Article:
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Times journalists must guard against ‘insulting’ emaSwati who are experiencing pain in exile, Alec Lushaba landed in trouble.

Tuesday, 15th August, 2023

No single Liswati in self-exile, it’s either they left the country amid political persecution or in search for jobs in other countries.

A citizen who left his home country amid political persecution was “politically exiled” by the State while those working in other countries are “economic exiles or migrants”.

It’s true other emaSwati might have misrepresented to the Home Affairs officials in other countries, just to obtain citizenship or residential documents to secure jobs but, the context of their plight suggest that, the intention was to earn a living, they are “economic immigrants” not “self exiles”.

Eswatini is facing serious political, social and economic injustices, one day the phrase “self-exile” might trigger anger among the victims of the State persecution and journalists will then claim “harassment or violation of media freedom”.

It should be noted that media freedom, comes with the responsibility for journalists to report accurately not to push a narrative that promotes injustice against powerless citizens, an angry powerless citizen with “nothing to lose” is very dangerous. 

Financial Times editor Alec Lushaba landed in serious trouble for consistently promoting injustice against incarcerated Members of Parliament(MPs) Bacede Mabuza and Mthandeni Dube including other citizens who are in exile.

It’s painful to be forced out of your home country or to be wrongfully arrested, only for captured journalists to add salt on the political wound.

State journalists must adopt journalism rules with regards to the protection of victims, they must be, as the basic principles suggest, be the voice of the voiceless.

Labeling emaSwati who survived assassination attempts by the State and economic injustices “self-exile” is an insult that might trigger disorder, those emaSwati are not happy to be away from their homes.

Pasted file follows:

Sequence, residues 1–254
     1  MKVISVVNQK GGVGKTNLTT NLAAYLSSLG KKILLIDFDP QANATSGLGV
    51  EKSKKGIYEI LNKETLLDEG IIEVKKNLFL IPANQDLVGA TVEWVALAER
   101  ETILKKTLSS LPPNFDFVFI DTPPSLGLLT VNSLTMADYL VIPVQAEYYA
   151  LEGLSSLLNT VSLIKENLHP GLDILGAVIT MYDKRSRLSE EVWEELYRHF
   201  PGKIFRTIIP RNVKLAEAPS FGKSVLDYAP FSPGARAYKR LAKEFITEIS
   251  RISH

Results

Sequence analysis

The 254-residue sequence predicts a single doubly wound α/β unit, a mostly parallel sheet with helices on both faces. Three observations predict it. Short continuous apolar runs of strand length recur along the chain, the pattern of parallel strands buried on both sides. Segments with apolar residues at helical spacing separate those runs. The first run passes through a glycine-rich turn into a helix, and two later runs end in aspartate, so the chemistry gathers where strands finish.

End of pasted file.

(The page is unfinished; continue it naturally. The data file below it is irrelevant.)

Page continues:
Any journalist who sides with the State and continue to promote hatred and persecution against the citizens must learn from Alec Lushaba, a majority of the citizens are angry and desperate for justice.

In conclusion, let me emphasize that there’s no single Liswati in “self-exile”, even those working in other countries were forced to migrate in search for a better life, they are “economic exiles”.

Instead of mocking the sufferings of emaSwati, the Times must advocate for justice, political dialogue and democracy, all emaSwati must be free to elect their government and, they must enjoy access to economic empowerment opportunities.

The tendency of using the State controlled media to politically discriminate or portray other emaSwati who are critical of this regime as if they are not genuine citizens, will be eradicated.

It’s a pity the process of eradicating this tendency might be painful to others like the expirience Alec Lushaba went through but at the end, the culture of tolerate will prevail.

No citizen must be allowed to promote a culture of portraying others as terrorists or non-Swazi without consequences particularly if, that individual is fully aware that, it’s a political agenda.




Times journalists must guard against ‘insulting’ emaSwati who are experiencing pain in exile, Alec Lushaba landed in trouble.
Times journalists must guard against ‘insulting’ emaSwati who are experiencing pain in exile, Alec Lushaba landed in trouble.